Historical:Vermilionville Sandstone Member
M. E. Hopkins and J. A. Simon
The Vermilionville Sandstone Member of the Carbondale Formation (Cady, 1915, p. 29) is named for Vermilionville, La Salle County.
The type locality is west of the village of Vermilionville, along the Vermilion River (SE 9, 32N-2E) (Wanless, 1956, p. 10).
The Vermilionville was formerly called Cuba Sandstone in western Illinois (Savage, 1927) and Waupecan Sandstone in northeastern Illinois (Culver, 1922a).
It is well developed in northern and western Illinois, where it occurs in the interval between the Herrin (No. 6) and the Springfield (No. 5) Coals. It is probably present in southern Illinois, where three sandstone units, all of which locally occur in channels, are present in this interval. One sandstone is below the Herrin Coal, another is below the Briar Hill (No. 5A) Coal, and a third is associated with the Dykersburg Shale. The Vermilionville is generally overlain by a few feet of the Big Creek Shale and is underlain by the Canton Shale.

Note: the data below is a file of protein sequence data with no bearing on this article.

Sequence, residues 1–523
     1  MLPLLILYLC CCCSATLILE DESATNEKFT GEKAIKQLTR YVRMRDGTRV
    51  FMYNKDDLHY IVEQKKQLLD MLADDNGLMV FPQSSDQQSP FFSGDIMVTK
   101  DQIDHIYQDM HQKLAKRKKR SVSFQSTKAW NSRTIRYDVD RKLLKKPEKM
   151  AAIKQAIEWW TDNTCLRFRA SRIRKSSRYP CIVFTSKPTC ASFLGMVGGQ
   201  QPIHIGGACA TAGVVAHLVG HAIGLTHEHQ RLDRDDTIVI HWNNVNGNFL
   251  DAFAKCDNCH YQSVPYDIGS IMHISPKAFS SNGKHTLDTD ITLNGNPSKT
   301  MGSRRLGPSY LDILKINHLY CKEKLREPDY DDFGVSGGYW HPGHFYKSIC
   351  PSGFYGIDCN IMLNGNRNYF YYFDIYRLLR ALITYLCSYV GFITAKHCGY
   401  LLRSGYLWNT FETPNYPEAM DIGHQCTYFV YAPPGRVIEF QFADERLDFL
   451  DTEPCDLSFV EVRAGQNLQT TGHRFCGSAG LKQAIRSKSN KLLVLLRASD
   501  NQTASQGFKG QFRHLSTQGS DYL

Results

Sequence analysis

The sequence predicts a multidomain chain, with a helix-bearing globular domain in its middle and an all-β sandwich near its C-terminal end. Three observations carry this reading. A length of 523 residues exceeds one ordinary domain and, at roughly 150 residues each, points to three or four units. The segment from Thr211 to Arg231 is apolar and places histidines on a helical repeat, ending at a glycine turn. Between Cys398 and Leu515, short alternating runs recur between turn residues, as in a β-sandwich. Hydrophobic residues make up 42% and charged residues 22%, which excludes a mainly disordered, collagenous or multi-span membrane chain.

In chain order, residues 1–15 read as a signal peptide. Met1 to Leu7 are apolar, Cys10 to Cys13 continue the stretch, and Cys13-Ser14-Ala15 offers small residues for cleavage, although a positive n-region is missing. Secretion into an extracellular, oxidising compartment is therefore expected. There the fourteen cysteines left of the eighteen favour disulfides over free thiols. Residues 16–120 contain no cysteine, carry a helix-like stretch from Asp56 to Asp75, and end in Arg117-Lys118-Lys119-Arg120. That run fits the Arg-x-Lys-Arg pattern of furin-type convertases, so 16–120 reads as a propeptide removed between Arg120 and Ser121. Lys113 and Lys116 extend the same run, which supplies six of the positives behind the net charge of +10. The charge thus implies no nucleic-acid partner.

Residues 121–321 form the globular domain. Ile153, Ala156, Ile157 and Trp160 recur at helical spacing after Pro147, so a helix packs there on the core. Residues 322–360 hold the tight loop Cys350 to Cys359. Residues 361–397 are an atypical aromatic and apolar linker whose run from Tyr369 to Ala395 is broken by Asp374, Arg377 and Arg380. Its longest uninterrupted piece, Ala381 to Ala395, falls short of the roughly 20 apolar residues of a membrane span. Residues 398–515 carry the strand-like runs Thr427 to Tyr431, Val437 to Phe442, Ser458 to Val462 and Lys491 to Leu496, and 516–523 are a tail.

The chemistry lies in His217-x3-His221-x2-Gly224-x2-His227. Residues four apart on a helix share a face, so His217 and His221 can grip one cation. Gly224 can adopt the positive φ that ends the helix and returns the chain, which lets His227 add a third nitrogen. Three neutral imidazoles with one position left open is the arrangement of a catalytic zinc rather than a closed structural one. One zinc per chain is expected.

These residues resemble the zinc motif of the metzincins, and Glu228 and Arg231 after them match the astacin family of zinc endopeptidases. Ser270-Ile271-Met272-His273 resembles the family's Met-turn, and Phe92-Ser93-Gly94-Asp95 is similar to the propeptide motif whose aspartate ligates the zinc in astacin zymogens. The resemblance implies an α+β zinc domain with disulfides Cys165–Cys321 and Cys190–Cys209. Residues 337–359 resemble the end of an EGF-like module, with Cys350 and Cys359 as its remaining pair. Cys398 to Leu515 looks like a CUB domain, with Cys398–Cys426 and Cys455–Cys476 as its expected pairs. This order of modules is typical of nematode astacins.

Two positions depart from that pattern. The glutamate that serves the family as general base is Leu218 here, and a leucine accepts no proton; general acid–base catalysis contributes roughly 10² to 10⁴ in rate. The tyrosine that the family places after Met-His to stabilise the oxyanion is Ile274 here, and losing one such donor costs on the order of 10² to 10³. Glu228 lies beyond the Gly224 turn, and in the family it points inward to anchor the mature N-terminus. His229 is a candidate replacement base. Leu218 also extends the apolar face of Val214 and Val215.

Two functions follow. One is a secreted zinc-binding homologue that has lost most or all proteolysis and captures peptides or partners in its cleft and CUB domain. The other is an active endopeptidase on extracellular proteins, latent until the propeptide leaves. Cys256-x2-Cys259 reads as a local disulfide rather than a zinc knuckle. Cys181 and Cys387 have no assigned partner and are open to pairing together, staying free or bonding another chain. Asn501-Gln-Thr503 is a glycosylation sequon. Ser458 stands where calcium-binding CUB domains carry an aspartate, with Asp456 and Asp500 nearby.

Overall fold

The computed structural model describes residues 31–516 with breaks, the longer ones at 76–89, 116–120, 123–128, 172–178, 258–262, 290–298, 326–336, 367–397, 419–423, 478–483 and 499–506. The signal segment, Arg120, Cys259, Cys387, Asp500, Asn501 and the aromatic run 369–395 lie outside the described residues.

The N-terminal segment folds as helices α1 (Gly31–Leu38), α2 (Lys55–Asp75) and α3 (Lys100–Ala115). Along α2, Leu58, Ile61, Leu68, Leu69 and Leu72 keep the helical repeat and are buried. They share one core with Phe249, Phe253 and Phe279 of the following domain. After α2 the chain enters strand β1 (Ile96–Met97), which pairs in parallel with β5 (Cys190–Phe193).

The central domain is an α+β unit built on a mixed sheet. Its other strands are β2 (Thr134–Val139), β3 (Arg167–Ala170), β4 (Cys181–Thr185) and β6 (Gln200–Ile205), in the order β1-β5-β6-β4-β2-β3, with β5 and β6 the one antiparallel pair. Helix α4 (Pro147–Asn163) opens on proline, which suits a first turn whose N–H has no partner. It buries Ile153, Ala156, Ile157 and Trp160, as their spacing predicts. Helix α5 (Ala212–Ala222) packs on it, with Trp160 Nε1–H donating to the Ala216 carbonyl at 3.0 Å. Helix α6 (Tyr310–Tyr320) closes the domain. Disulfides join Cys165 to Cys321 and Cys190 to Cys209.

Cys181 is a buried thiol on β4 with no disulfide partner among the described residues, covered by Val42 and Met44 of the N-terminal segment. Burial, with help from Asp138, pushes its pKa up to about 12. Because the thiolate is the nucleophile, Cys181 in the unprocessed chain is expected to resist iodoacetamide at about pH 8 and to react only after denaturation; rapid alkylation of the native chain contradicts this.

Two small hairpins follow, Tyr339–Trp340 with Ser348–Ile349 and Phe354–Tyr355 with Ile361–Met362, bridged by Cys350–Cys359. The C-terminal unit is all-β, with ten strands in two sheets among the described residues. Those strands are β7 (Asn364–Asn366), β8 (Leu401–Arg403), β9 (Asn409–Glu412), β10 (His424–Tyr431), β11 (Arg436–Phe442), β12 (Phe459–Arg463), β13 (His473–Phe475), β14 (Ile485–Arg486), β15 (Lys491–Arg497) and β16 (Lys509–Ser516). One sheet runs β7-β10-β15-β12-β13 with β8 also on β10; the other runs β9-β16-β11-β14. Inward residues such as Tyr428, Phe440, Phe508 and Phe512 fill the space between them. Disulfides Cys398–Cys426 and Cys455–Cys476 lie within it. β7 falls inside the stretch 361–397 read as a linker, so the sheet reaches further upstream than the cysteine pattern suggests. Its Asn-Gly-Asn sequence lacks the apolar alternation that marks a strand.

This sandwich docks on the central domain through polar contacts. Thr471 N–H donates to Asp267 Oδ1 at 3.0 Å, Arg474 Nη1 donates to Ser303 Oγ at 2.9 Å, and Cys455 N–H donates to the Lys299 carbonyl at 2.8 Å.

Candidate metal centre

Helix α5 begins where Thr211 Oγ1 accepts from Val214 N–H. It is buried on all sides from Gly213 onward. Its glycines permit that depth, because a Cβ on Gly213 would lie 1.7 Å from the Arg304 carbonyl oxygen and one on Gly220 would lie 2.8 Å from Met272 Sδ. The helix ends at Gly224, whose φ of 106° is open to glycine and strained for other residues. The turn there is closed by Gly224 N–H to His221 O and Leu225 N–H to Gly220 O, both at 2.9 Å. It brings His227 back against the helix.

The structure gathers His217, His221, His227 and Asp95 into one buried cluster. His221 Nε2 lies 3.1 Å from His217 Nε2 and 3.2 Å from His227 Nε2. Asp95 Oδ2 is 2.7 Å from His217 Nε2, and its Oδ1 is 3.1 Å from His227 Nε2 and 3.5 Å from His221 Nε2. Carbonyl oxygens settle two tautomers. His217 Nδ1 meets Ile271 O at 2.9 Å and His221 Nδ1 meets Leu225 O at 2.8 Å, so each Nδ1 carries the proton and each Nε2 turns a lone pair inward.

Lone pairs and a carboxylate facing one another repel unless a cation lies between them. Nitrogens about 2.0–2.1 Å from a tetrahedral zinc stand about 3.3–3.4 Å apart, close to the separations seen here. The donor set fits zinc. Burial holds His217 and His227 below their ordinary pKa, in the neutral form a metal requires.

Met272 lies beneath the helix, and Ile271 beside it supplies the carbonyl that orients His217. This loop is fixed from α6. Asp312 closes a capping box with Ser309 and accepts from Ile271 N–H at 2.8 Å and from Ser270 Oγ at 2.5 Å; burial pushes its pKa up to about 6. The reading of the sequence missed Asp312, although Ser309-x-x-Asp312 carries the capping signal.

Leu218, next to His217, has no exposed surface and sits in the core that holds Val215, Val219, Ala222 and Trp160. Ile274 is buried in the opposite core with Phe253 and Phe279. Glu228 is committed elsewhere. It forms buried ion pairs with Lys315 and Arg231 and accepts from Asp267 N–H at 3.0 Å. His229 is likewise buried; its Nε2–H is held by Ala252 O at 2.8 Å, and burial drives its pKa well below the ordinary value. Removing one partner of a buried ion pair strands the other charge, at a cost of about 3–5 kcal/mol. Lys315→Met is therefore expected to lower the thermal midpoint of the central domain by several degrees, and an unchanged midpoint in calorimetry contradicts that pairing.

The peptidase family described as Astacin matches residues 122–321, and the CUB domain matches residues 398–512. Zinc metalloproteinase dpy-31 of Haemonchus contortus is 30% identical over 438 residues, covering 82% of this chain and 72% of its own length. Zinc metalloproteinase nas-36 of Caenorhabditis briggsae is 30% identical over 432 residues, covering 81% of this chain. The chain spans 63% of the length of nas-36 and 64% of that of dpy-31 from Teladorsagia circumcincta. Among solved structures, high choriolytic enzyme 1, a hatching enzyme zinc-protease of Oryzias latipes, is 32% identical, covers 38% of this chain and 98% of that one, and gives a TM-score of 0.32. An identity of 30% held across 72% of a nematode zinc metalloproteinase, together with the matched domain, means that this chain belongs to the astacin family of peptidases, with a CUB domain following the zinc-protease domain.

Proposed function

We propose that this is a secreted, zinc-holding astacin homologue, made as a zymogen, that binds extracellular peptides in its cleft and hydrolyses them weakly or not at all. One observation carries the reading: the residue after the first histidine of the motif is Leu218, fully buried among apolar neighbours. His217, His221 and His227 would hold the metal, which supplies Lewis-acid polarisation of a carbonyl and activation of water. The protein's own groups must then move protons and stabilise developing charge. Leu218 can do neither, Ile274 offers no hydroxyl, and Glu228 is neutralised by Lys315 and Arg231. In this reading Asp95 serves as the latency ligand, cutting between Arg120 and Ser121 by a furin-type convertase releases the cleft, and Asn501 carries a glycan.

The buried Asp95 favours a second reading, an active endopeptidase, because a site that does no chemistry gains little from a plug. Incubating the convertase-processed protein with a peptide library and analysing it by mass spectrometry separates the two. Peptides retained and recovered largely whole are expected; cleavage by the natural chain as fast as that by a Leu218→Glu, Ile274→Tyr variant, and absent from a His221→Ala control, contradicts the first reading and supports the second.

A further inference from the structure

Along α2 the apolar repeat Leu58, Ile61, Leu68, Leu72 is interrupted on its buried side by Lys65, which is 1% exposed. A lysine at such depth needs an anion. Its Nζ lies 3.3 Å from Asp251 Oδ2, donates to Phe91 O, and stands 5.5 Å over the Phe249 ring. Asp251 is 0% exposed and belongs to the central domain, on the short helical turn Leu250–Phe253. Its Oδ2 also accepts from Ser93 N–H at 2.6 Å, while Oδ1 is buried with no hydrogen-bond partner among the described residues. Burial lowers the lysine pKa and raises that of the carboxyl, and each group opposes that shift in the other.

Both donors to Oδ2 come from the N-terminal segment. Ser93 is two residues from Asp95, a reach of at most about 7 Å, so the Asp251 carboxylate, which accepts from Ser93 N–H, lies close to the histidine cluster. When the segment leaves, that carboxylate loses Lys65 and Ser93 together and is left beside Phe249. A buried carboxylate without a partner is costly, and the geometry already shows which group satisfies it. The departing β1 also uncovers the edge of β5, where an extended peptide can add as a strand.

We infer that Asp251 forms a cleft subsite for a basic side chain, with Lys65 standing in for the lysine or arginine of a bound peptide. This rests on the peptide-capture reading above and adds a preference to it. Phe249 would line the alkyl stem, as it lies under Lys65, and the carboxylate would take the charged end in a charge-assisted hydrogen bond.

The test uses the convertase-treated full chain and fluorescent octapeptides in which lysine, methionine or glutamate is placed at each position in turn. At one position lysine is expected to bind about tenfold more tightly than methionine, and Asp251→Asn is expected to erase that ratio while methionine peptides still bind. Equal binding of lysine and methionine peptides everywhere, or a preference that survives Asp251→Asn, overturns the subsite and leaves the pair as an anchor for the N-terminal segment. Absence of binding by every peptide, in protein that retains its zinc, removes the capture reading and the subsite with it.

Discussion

The Vermilionville is an argillaceous to silty, fine-grained sandstone that in places occupies channels cut into the underlying strata. In such channels it is as much as 80 feet thick.
CADY, G. H., 1915, Coal resources of District I (Longwall): Illinois State Geological Survey Mining Investigations Bulletin 10, 149 p.
CULVER, H. E., 1922a, Geology and mineral resources of the Morris Quadrangle: Illinois State Geological Survey Extract Bulletin 43B, 114 p.
SAVAGE, T. E., 1927, Significant breaks and overlaps in the Pennsylvanian rocks of Illinois: American Journal of Science, v. 14, p. 307-316.
WANLESS, H. R., 1956, Classification of the Pennsylvanian rocks of Illinois as of 1956: Illinois State Geological Survey Circular 217, 14 p.
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